Women and the Public/Private Divide: The Salotto, Home and Theatre in Late Nineteenth-Century Italy



The growing importance of the domestic salotto1 in middle-class and lower-middle class households in the decades following Italian unification occurred at a time when the social demarcation and gendering of public space was becoming a feature of the rapidly expanding and changing urban landscape of Italy’s principal cities.2 Although located within the private sphere of the home, the function of the salotto was to provide an area where approved visitors and selected guests could be welcomed and entertained. It was the most visible aspect of a reorganisation of the domestic space whose purpose was to separate out, and therefore heighten, the privacy of some areas of the home, while others, such as the salotto, reserved for entertaining, were designed with an eye for what they said about the family’s life style and socio-economic standing. It was not, of course, the only criterion used in the partitioning of the home: gender was another, with rooms such as the study, library, or smoking-room intended as male-only preserves.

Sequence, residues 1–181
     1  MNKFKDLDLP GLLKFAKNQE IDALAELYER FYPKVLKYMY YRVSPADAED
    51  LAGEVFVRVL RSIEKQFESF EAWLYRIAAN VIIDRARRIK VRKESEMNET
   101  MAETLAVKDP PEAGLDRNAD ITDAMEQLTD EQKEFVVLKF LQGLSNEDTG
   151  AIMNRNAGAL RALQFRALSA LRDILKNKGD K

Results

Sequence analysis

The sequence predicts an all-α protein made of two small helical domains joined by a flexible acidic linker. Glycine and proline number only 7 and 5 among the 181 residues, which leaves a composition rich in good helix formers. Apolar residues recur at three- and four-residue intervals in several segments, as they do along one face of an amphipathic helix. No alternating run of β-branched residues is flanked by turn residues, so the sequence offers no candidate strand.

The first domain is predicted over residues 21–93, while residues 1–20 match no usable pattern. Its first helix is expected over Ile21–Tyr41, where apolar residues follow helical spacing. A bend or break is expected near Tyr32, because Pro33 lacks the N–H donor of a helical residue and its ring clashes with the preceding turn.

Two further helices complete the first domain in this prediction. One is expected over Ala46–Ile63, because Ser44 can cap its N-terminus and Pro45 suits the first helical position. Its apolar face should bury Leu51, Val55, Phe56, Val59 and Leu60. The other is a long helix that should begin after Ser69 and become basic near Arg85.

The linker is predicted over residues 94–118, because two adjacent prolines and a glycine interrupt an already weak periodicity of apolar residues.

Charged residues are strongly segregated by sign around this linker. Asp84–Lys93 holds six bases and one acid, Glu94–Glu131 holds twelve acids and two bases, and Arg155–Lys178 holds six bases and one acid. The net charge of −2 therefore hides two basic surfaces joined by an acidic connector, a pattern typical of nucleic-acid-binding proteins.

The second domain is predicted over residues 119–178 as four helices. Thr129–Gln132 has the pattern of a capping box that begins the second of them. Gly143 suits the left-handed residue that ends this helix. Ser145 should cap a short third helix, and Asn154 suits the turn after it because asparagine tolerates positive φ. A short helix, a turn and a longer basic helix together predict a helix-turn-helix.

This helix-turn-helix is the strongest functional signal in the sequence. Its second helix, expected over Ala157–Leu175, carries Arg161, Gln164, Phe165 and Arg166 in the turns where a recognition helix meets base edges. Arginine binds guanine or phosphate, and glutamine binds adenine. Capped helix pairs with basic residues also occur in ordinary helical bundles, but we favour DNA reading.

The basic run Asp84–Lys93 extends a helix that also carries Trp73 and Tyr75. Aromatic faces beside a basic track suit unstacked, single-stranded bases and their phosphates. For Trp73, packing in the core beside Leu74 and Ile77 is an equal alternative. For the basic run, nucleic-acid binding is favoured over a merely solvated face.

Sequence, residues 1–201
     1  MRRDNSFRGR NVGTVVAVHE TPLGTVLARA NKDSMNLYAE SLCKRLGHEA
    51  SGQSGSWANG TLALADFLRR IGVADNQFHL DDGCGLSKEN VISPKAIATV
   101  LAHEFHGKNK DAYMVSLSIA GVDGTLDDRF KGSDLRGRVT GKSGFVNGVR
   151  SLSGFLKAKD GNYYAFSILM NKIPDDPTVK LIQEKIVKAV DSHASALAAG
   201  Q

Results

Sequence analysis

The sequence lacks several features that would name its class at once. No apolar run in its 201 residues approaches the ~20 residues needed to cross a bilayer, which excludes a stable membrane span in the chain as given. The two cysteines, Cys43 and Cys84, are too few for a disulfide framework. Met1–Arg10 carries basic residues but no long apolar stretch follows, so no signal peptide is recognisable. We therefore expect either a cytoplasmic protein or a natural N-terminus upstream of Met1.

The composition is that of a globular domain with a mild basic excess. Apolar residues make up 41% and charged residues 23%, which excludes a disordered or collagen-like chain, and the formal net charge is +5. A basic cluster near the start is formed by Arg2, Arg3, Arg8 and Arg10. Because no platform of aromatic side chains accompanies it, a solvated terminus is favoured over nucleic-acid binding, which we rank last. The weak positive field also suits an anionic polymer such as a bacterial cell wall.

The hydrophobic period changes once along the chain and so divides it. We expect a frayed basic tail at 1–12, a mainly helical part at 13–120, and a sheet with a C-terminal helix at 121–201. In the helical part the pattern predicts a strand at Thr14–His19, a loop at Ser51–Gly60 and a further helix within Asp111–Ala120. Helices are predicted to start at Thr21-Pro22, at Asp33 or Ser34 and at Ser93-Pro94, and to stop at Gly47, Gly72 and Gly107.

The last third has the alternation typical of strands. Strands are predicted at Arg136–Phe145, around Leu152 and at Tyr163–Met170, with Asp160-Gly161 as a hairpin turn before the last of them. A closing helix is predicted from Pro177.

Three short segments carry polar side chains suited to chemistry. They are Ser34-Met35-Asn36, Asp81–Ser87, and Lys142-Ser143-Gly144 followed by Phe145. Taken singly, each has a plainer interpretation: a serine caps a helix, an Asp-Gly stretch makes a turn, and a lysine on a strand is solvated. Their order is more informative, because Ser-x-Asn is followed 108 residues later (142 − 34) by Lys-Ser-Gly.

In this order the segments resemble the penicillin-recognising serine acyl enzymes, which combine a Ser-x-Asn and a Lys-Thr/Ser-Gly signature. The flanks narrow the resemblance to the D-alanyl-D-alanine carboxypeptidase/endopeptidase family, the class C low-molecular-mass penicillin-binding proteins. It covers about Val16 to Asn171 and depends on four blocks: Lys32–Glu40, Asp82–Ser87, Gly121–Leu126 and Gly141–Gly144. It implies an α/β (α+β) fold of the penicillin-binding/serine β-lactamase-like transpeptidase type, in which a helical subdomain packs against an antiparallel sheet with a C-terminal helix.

Department Store Dine Room Domestic Space Reception Room Conduct Book 
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    Ibid., pp. 195–6. Another miscreant, Baron Eduardo d’Isola, is denounced by his mother-in-law and wife for allowing his mistress contact with his daughter. He agrees that this is unacceptable, arguing that it was not in his capacity to prevent it. His mistress is described in a letter as: ‘a very well-known woman who flaunts her depravity, and who comes every evening to the San Carlo theatre and sits in the second-class seats in front of your box’ (p. 146).Google Scholar
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© Palgrave Macmillan, a division of Macmillan Publishers Limited 2004

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